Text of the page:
When Charles F. Plymail's attorney entered closing arguments at his client's 1993 trial for a second degree sexual assault charge, the lawyer warned the men in the jury that it was "dangerous to even look at a woman" because she could "shout 'rape' under any condition."
Yet rather than enter an objection, the prosecutor in the case opted to rebut by speaking of "trickster lovers" and by urging the jury to think of their children and to deliver a verdict "for womankind, for all of us."
The prosecutor's language crossed the line and denied Plymail a fair trial, as it emotionally invited the jury to not just look at the facts of the case, but to enter a verdict against him that would send a broader message, the Fourth Circuit determined in an opinion it entered in August and tweaked in early September.
"While we do not expect emotionless prosecutors to present antiseptic arguments, they may not seek a conviction based on prejudice or passions," the opinion reads. "Prosecutors violate this edict when they stray beyond the defendant's crimes and ask the jury to convict in order to 'send a message to the community.'"
Plymail met a woman at a bar in September 1992, and they returned to his apartment and had consensual sex twice, according to their accounts.
But the woman testified that when she wanted to leave Plymail refused, he slapped her and ultimately forced her to perform oral sex before she managed to escape the apartment, according to court documents.
Plymail appealed his 1993 conviction, but the case languished in the court system for years. By the time the Fourth Circuit entered its verdict, Plymail was on parole for his conviction in the case, according to the opinion.
The three-judge appellate panel determined that the prosecutor went too far by asking the jury to think of their children going to college one day and potentially running into "trickster lovers" like Plymail. The prosecutor had told the jury that "this sweet tooth of his for masochistic, sadomasochistic horror cannot be allowed to escape."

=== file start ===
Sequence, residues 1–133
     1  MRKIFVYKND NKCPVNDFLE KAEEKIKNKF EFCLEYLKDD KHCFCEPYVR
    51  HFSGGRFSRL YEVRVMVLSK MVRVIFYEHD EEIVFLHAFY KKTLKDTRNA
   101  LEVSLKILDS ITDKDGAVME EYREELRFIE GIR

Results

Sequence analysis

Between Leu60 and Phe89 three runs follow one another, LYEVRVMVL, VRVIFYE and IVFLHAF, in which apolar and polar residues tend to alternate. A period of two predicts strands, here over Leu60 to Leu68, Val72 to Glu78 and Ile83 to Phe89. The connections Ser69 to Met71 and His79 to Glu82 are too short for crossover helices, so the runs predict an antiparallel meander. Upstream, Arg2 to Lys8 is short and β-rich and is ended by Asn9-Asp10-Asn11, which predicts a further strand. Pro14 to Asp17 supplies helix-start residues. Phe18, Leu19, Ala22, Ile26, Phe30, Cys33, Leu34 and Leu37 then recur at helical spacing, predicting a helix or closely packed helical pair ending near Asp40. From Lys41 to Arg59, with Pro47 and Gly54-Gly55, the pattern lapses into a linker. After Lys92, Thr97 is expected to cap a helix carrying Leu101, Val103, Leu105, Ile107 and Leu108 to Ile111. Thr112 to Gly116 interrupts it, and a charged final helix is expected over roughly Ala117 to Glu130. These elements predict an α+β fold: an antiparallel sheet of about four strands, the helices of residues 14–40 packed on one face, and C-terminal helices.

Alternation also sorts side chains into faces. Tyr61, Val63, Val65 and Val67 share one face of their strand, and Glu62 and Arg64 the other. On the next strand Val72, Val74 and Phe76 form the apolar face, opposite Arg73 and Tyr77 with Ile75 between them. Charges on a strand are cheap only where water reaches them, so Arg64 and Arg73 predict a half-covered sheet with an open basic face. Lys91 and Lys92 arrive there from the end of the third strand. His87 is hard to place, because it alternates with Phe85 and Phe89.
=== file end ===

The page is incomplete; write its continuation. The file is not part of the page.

Had the jury not entered a guilty verdict, they would have sent a message to men with the "sweet tooth of sadomasochism" to say, "I've got you now," the prosecutor told them.
While the Fourth Circuit agreed with prosecutors that Plymail's lawyer made improper arguments to the jury by warning the men of the danger they purportedly faced from made-up rape allegations by women, "two wrongs do not make a right," the panel wrote, as it determined that the Southern District of West Virginia erred by granting summary judgment against Plymail.
"Who wishes to send a message to the community that men may have their way with women, that rapists may go free, that women will not be protected?" the Fourth Circuit determined. "For the same reason it was powerful, it was highly improper. These appeals to the jury violated the fundamental fairness due to every criminal defendant."
West Virginia prosecutors could not be reached for comment on Friday.
John Korzen, an associate professor of legal writing at Wake Forest Law School who served as Plymail's attorney together with students Henna Shah and Mackenzie Herman, told Law360 on Friday that his client was pleased by the court's opinion.
"The opinion is one fine example of many over the years in which the Fourth Circuit has acted to protect the fairness of criminal prosecutions at the trial level whether due process violations by prosecutors as in this case and others or ineffective assistance of defense counsel in still others," Korzen said.
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--Editing by Katherine Rautenberg.
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Prosecutor's Urgings To Jurors Went Too Far, 4th Circ. Finds
By Kevin Penton | September 12, 2021, 8:02 PM EDT